The next step was to determine the nature of the inhibition exerted by the aqueous extract of A. macroprophyllata, then a kinetic analysis of the inhibition of enzyme activity using different amounts of aqueous extract or acarbose was conducted. The results yielded a of 0.97 mg/mL and of 0.79 mg/mL to aqueous extract and acarbose, respectively. These values show that the extract inhibited the enzyme and could be used to control postprandial hyperglycemia. Lineweaver-Burk plots for α-glucosidase from yeast, in the presence of acarbose or A. macroprophyllata extract at different concentrations (Figure 2), revealed typical curves for competitive inhibitors implying binding to the catalytic site. Then, we suggest that disaccharidases are targets of flavonoids in the regulation of glucose release and consequently glucose absorption by the gut. This type of inhibitor has several advantages over others; that is, its inhibition is not permanent, and undesirable effects are easily attenuated with decreasing dose; therefore, the aqueous extract of A. macroprophyllata represents a good alternative to avoid hyperglycemia.
On the other hand, to confirm whether our results in vitro could be reproduced in a whole organism, the response on glycemia after single oral sucrose ingestion was examined for A. macroprophyllata. As observed in Figure 3, the test extract significantly avoided the hyperglycemic response, at doses of 100, 300, and 500 mg/kg compared to control (). The postprandial blood glucose peak was diminished from 15 min in all three doses (100, 300, and 500 mg/kg); however, the highest activity was 300 > 500 > 100 mg/kg throughout the time-curve postingestion of sucrose. The glycemic lowering effect of A. macroprophyllata at doses of 100, 300, and 500 mg/kg was not greater than that with acarbose, a therapeutic drug used as positive control (5 mg/kg); however, maximum effect obtained at a dose of 300 mg/kg was not statistically different with acarbose dose from 60 min on, results in vivo that agree to the reported for other species of the genus Annona as is the case of A. squamosa, A. muricata, and A. cherimola, which also show antioxidant, hypoglycemic, antihyperglycemic, and hypolipidemic properties [19, 20, 22–25]. These data support the idea that this species synthesizes similar secondary metabolites that act as antidiabetic, directly by lowering glucose availability in the gut or indirectly by decreasing oxidative stress and/or lipids, attenuating the effect of these two factors in disease. Our results indicate that the control of postprandial glycemia showed by A. macroprophyllata involves an antihyperglycemic effect, mediated by the regulation of glucose uptake from the intestinal lumen, through the inhibition of carbohydrate digestion, putatively by inhibition of intestinal α-glucosidases complex, as observed in vitro for yeast α-glucosidase. In addition, the search for the active principle of the extract could generate a new α-glucosidase inhibitor, useful for the development of new antidiabetic or antiobesity agents.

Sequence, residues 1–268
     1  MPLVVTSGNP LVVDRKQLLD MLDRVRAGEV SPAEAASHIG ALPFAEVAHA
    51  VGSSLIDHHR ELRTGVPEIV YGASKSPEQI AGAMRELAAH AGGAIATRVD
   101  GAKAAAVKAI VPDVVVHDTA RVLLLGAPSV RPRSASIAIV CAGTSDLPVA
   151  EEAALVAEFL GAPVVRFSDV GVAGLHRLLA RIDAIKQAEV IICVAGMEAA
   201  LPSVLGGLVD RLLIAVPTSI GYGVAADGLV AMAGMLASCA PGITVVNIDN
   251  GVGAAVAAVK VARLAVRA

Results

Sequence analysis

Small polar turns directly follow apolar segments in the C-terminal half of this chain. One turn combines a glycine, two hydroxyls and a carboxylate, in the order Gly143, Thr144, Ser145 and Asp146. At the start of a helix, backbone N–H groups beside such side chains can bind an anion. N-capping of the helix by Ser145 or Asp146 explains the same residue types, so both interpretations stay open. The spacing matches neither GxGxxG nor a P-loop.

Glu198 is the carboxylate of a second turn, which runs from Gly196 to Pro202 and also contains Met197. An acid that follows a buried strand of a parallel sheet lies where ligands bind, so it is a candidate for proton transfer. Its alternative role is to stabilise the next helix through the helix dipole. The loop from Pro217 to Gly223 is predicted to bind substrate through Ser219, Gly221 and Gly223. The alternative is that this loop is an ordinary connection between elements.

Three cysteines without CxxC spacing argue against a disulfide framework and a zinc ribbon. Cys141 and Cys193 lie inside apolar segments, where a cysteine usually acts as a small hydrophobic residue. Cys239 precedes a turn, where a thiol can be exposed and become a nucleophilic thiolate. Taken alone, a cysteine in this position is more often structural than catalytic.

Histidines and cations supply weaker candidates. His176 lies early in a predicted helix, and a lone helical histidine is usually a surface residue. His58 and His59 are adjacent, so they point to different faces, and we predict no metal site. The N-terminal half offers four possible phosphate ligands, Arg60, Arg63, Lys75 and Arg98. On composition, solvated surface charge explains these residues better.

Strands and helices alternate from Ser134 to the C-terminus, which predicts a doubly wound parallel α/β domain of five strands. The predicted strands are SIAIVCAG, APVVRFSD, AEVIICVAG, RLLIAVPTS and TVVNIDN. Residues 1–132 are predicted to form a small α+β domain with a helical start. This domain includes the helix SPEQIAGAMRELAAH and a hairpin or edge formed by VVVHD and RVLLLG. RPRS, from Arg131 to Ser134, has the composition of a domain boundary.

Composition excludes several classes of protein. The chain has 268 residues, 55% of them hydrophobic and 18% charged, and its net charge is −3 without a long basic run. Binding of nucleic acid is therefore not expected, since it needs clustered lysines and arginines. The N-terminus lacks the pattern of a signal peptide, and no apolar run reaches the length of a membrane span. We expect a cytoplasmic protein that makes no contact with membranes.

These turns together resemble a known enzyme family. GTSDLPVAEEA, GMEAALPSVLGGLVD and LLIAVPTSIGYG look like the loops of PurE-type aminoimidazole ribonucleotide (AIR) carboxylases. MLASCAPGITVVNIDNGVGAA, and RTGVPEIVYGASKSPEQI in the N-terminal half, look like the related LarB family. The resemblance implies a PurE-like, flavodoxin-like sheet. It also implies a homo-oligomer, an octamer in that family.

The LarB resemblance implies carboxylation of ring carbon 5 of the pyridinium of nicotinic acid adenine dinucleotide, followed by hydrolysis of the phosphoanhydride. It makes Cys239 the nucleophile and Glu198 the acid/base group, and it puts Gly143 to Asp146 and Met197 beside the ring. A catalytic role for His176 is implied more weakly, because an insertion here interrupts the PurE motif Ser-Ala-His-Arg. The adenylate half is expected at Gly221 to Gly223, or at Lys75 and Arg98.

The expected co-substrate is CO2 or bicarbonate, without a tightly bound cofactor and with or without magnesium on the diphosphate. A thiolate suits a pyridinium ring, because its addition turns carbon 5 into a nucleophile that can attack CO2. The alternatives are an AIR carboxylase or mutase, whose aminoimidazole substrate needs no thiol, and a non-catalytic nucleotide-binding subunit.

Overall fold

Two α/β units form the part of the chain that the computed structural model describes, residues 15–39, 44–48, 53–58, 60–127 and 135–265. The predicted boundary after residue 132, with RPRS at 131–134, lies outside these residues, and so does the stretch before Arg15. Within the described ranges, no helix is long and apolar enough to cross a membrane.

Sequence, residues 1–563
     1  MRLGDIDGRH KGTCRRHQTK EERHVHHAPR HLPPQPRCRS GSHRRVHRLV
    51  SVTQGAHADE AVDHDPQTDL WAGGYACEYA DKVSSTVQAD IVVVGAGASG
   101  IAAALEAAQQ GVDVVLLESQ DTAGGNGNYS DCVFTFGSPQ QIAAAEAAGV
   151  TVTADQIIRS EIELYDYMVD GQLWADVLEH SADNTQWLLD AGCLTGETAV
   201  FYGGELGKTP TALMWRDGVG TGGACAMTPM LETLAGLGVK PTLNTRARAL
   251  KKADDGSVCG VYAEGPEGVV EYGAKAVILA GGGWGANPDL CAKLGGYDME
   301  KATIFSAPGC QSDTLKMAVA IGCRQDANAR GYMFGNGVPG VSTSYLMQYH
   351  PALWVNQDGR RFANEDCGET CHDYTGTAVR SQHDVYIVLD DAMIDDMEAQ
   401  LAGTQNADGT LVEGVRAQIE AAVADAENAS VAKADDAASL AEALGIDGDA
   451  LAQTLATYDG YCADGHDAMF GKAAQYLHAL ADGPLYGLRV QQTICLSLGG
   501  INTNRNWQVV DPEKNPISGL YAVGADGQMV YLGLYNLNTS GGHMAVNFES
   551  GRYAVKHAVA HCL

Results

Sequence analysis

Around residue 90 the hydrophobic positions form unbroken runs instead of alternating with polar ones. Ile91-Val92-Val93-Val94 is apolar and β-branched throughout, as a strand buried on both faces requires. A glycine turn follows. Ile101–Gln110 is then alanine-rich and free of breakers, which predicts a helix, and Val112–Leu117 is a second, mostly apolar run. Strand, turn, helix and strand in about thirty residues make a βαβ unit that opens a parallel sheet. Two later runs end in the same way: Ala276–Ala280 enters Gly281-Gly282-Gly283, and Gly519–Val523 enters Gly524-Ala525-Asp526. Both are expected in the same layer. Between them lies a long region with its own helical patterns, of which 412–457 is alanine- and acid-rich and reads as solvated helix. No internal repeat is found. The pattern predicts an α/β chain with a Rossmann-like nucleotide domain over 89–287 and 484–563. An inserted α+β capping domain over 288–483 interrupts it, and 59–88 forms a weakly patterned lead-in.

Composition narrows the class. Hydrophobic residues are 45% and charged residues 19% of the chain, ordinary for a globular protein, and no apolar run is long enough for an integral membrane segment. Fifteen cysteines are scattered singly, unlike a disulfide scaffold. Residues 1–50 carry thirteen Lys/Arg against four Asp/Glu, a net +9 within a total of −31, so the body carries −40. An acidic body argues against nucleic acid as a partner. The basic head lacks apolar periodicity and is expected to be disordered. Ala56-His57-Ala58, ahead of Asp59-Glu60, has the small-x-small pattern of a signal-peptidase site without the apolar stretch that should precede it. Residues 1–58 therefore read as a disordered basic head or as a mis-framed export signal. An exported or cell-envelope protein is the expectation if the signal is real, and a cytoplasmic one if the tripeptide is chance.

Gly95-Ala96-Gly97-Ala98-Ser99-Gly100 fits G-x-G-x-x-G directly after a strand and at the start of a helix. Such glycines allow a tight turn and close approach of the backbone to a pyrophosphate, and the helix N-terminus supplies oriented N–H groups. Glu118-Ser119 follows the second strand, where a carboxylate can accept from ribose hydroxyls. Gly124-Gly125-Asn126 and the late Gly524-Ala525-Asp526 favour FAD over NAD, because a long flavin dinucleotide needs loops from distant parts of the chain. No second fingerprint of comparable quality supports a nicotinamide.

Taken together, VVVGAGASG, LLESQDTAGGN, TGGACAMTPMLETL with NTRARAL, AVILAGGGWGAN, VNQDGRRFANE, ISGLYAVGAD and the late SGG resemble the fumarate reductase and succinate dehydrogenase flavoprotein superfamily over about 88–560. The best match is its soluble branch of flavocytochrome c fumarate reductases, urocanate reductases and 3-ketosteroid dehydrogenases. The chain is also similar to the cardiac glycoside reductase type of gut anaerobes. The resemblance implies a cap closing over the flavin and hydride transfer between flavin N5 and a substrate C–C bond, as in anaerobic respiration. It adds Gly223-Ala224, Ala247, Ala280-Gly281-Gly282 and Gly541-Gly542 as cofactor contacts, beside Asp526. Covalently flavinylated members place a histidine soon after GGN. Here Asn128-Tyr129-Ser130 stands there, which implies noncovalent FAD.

In conclusion, our results indicate that A. macroprophyllata aqueous extract has potent antihyperglycemic effect, and according to the in vitro studies it acts as a competitive inhibitor of the α-glucosidase. Last but not least, this study provides scientific support to use A. macroprophyllata leaves in Mexican traditional medicine for the treatment of DM2.
Conflict of Interests
The authors declare no conflict of interests.
This work was supported by grants from PAPIIT, DGAPA, U.N.A.M. (IN214812), and INMEGEN (06/2012/l). F. Brindis acknowledges postdoctoral fellowship awarded by DGAPA-U.N.A.M.